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The GMC and Medical Regulation Sir Graeme Catto Wednesday 4 February 2009

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The GMC and Medical Regulation Sir Graeme Catto Wednesday 4 February 2009 Hailsham Chambers, Old Hall, Lincoln’s Inn. Our purpose. To protect, promote and maintain the health and safety of the public by ensuring proper standards in the practice of medicine

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The GMC and Medical Regulation

Sir Graeme Catto

Wednesday 4 February 2009

Hailsham Chambers, Old Hall, Lincoln’s Inn

our purpose
Our purpose
  • To protect, promote and maintain the health and safety of the public by ensuring proper standards in the practice of medicine

Medical Act 1983 (as amended in 2000)

our interlocking functions

registration

education

fitness to practise

standards

Our interlocking functions
our recent history
Our (recent) history
  • 1858: The ‘General Council of Medical Education and Registration’ established
  • 1995: Good Medical Practice
  • 1998: Bristol case ends, Shipman arrested
  • 2004: Fifth Shipman report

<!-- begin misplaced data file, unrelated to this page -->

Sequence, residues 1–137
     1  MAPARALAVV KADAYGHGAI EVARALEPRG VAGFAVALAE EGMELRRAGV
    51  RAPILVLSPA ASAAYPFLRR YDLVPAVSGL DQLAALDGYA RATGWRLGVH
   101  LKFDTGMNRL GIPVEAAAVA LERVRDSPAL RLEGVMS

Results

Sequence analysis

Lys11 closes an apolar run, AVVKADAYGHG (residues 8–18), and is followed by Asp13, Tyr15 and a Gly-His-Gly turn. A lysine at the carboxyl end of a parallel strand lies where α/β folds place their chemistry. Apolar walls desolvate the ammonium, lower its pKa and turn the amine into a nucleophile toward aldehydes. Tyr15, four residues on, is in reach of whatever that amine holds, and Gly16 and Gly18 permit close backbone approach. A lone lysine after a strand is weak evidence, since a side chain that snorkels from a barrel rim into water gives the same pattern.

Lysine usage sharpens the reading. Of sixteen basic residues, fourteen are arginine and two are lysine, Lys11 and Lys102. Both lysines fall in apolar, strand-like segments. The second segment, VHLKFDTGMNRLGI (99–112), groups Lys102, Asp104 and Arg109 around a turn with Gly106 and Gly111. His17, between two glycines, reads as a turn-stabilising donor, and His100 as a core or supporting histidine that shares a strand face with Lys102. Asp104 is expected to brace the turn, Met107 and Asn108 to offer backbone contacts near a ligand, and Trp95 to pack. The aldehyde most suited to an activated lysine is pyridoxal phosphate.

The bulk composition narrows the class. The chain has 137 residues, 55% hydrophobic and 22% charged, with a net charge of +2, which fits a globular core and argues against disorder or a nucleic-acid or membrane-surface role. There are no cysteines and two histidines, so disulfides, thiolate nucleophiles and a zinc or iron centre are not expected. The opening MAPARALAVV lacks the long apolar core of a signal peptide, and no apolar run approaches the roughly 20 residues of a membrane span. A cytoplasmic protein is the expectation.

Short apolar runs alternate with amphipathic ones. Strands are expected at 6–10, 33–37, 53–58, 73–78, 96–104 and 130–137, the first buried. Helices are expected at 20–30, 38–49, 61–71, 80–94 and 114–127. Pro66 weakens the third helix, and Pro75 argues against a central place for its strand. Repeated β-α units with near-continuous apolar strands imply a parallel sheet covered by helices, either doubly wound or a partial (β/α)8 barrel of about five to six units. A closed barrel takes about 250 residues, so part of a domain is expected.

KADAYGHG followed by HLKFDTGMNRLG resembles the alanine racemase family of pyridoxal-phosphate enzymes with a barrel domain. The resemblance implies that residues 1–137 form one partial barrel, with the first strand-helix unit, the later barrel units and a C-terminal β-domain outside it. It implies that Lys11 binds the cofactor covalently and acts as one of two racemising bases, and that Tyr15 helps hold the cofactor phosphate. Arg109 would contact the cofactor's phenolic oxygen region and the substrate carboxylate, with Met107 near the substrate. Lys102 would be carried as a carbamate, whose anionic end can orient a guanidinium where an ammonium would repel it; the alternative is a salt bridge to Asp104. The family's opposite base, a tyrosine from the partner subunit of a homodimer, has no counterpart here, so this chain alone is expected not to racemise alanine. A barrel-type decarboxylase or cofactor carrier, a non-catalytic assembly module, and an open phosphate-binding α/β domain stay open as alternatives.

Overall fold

• 2006: Good Doctors, Safer Patients
  • 2007: Trust, Assurance and Safety
  • 2009: A reconstituted Council
our aim
Our aim
  • To secure a regulatory system that is…
    • Independent
    • Fair
    • Efficient and effective
    • Enhances patient safety
    • Fosters the professionalism of doctors
    • Commands the confidence and support of key interests
some common themes
Some common themes
  • Ineffective local systems
  • Patients uncertain how to register concerns
  • Reluctance to report dangerous colleagues
  • Poor co-ordination across systems
  • Management by exception
our response a four layer model
Our response…a four layer model
  • Personal regulation
  • Team-based regulation
  • Workplace regulation
  • National regulation

Plus...

  • International co-operation
state of the nation
State of the nation
  • Personal regulation

…alive and kicking

  • Team-based regulation

…must do better

  • Workplace regulation